C Food
By Robert Clark and Harry Kambolis
Published by Whitecap Books 2009, hardcover, $40; 165 pages

This starkly beautiful book hides a number of elegant yet accessible recipes, rare for something coming from a top-rated chef of a top-rated Vancouver seafood restaurant.

It’s C’s style to challenge, surprise and even put off, something the book does in spades. When I first began leafing through it, I thought the photos were strange, not like the yummy pictures you’ll see in many other books. They are artfully lit, mysteriously arranged, and it’s sometimes difficult to separate what is food and what is prop.

C Restaurant is like that, too. It seems to have as many detractors as it does fans. But this post is not about the restaurant, it is about the book. Yet one can’t exist without the other so the only thing left to do in figuring out what is going on here is to quote an explanation from the book’s introduction:

“C has always searched for its own path. And that is how we approached this cookbook. This is not a conventional cookbook. It is not a series of menus or of seasons, but of photos. These conceptual photos inspired the recipes; it was through the lens of the camera that the dishes emerged.”

Thus we have philosophy, art and food all on the same plate, a rather confounding combination for someone who just wants  to cook something delicious. Do we really have to do so much thinking when we’re hungry? C believes so.

C has been a pioneer since it opened in 1997. It used local products as a palate to paint new possibilities, not always successfully, it must be said, but always in the spirit of pushing boundaries, which meant things were never dull. It then began to peel back the onion of its food sources – where the ingredients came from, how they were raised or harvested, what it cost in terms of environmental sustainability to get them to table. As a result, a new awareness spread through Vancouver’s restaurant community, fueled by C as it led the effort to stop plundering endangered species for temporary eating delight, particularly through the Vancouver Aquarium Ocean Wise program.

That’s the philosophical side, which Chef Clark has worked hard to promote. But there’s also a lot of good eating to be done, and this book shows that it’s possible for the home cook to aspire to restaurant quality if the ingredients are top-notch and time is taken to prepare some of the spices mixes and garnishes that lift the dishes beyond the ordinary. There are recipes here for starters like coconut shrimp, delicately cooked in a lemon-grass and kaffir-lime-zest scented reduction of coconut cream, dungeness crab meat served in a winter melon salad, and a tomato consomme incorporating clams, chorizo and swiss chard. There are also a number of meat dishes here, including slow roasted pork seasoned with pumpkin spice (a recipe for the spice mix appears at the back of the book), roasted duck breast and braised beef shanks. Wine suggestions accompany each recipe.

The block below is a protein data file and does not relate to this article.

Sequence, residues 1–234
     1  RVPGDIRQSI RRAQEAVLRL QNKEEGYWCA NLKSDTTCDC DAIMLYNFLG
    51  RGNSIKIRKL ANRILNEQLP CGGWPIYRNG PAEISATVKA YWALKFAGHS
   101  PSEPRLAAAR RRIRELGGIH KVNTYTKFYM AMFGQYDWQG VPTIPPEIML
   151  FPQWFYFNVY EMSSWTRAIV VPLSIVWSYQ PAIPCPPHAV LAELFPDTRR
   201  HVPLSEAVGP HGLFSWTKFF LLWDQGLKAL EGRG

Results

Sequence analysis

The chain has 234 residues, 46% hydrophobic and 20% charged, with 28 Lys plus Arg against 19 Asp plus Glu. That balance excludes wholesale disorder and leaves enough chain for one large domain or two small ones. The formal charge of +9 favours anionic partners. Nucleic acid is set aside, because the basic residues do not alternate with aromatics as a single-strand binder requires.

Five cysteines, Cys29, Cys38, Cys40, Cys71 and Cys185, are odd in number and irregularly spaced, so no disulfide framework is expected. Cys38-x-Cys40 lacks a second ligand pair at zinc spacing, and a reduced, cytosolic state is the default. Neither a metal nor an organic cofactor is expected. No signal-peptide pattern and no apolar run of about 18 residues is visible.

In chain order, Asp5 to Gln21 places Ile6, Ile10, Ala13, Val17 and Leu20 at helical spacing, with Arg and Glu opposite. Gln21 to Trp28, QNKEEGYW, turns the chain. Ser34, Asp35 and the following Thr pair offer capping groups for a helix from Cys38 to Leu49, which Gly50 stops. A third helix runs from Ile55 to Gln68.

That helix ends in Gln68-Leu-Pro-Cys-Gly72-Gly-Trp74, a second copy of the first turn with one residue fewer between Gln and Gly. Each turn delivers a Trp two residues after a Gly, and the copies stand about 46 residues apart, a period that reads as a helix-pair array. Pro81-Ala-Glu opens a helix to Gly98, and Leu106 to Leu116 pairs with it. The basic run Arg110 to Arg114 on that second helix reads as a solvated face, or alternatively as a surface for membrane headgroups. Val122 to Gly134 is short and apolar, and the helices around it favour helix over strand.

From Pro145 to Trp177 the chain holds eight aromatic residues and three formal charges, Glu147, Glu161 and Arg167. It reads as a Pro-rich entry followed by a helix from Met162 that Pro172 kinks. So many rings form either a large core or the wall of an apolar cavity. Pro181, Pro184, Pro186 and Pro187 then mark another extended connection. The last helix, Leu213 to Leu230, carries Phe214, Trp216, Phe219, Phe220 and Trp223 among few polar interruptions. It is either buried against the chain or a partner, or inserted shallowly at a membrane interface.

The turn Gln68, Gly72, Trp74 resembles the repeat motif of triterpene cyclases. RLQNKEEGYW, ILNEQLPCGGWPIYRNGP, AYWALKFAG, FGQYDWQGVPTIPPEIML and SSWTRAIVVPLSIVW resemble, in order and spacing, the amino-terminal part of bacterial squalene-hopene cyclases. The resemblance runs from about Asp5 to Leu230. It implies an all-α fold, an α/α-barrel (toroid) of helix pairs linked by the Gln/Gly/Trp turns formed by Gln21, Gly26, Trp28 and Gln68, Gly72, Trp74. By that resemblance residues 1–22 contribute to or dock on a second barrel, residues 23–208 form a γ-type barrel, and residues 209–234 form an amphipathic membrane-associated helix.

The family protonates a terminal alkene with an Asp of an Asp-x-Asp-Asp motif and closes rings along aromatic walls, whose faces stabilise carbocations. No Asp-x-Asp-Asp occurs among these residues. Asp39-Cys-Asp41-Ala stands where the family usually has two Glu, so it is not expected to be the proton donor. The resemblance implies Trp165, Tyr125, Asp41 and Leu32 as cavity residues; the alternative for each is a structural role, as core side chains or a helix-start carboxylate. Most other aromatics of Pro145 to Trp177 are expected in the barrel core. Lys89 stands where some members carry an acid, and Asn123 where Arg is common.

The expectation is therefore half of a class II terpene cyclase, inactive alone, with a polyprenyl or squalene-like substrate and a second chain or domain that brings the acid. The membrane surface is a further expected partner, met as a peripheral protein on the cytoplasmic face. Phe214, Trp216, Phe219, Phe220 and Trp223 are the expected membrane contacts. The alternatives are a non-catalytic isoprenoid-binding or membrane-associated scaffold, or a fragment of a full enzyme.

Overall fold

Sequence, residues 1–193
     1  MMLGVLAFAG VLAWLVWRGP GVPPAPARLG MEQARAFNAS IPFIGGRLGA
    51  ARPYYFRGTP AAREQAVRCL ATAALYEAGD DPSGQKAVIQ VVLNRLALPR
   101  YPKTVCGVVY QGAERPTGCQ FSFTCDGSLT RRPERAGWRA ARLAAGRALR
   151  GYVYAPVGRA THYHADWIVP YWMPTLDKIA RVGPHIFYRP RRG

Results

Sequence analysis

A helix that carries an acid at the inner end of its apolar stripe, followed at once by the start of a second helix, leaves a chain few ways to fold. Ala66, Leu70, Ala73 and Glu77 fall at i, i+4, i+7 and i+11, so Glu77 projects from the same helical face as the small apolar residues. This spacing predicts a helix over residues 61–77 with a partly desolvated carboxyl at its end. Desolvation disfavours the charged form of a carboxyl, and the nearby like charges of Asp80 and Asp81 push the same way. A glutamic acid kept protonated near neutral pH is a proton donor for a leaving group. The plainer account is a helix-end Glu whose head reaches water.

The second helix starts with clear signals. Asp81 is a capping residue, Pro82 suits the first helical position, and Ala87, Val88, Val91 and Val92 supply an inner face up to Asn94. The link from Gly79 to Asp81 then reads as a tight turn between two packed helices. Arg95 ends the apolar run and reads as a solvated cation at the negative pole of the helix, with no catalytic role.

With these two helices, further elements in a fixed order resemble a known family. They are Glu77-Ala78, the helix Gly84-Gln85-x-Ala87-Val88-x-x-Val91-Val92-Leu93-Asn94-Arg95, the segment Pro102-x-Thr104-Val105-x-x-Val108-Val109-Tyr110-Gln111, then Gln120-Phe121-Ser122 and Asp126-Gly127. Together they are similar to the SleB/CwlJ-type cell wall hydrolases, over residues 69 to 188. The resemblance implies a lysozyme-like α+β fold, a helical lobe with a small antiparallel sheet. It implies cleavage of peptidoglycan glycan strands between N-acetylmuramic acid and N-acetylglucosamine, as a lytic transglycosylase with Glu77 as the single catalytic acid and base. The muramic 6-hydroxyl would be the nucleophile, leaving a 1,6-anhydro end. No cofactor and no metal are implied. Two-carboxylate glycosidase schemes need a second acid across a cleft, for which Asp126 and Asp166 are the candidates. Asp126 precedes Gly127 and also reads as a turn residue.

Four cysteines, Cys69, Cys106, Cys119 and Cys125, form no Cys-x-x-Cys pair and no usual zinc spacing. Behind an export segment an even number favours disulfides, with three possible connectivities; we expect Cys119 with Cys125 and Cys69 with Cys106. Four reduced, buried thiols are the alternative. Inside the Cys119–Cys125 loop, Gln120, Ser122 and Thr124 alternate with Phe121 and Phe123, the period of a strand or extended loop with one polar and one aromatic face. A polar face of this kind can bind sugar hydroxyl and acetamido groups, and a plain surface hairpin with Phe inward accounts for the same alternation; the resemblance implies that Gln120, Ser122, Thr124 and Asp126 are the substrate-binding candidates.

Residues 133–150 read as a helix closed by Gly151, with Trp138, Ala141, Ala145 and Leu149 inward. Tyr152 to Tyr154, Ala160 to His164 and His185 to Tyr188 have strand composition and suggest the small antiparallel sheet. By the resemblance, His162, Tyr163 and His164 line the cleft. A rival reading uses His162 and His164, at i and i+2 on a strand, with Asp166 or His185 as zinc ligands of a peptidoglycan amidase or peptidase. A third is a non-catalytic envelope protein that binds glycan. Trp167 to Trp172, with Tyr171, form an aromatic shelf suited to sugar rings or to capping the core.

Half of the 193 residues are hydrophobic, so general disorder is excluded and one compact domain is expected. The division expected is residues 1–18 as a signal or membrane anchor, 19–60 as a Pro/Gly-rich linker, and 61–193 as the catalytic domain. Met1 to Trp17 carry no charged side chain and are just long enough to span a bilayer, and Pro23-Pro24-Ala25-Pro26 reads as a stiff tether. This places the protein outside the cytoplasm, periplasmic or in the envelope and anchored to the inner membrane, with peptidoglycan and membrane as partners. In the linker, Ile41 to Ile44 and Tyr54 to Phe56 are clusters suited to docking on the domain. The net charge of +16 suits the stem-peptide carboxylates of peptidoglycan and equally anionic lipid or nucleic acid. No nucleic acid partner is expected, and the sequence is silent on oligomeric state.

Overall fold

Although the book states that the recipes in it flowed from the photographs taken by Hamid Attie, there are some restaurant favourites here, too, among them their famous nori scones. But for the most part though, they are unique, and to celebrate the book’s arrival, the restaurant currently offers a special tasting menu featuring some of the dishes.

Here’s a recipe for calamari, C-style. Please note that if you’re making your own crème fraîche (which takes 24 to 48 hours to “ripen”) for the dip, the book suggests it be made and chilled at least 24 hours before use.

1 lb. squid bodies
2 cups buttermilk
2 tsps. kosher salt
1 cup flour seasoned with kosher salt and black pepper
Vegetable oil for deep frying
Crème Fraîche Habanero Dip
1 tbsp. chopped cilantro
½ habanero pepper, seeded and finely diced
1 cup crème fraîche (recipe follows)
Beer Batter
1 cup potato starch
1 cup all-purpose flour
¼ cup Seven C’s Spice Blend (recipe follows)
2 tsps. baking powder
1½ cups lager, ale or dark beer
Kosher salt
1 lime, cut into wedges

To prepare the squid, cut the squid bodies cross-wise into ¼-inch slices. Stir together the buttermilk and salt in a non-reactive bowl. Add squid and refrigerate for 2 hours.

Drain squid, discarding the buttermilk. Dredge the squid in seasoned flour to coat completely. Gently lay squid on a baking sheet and set aside for 10 minutes to allow squid to dry and firm up slightly. Pour oil into a deep fryer and heat to 350°F, following manufacturer’s instructions.

To prepare dip, fold cilantro and habanero pepper into the crème fraîche and set aside.

To prepare the beer batter, whisk together potato starch, flour, spice blend, and baking powder. Pour in the beer and stir until smooth.

Dip squid rings one at a time in beer batter and deep-fry, a few at a time, for 2 to 3 minutes until crisp and golden brown. Drain squid on paper towel and season with salt to taste.

To serve, place squid in a napkin-lined bread basket or bowl, and squeeze lime juice over the top. Serve with the crème fraîche and habanero dip. Serves 4. Serve with Prosecco.

Crème Fraîche: Mix together ½ cup buttermilk, 1½ cups whipping cream (35%) and ½ tsp. freshly squeezed lemon juice in a non-reactive bowl. Cover with a clean damp cloth so the cream can breathe while remaining protected. Allow to stand at room temperature for 24 to 48 hours until the cream has thickened and smells slightly sour. Refrigerate crème fraîche for at least 24 hours or up to four days before using. If  crème fraîche splits, drain it by placing it in a fine-mesh strainer set over a bowl. Makes about 2 cups.

Seven C’s Spice Blend: Toast 2 tsps. caraway seeds and 3 whole cloves in a dry skillet until fragrant, then grind them to a fine powder. Combine with 3 tbsps. ground coriander, 2 tbsps. ground cumin, 1 tbsp. ancho chili powder, 1 tsp. ground cardamom and 1 tsp. cinnamon. Store in airtight container. Makes about 1/3 cup.

From C Food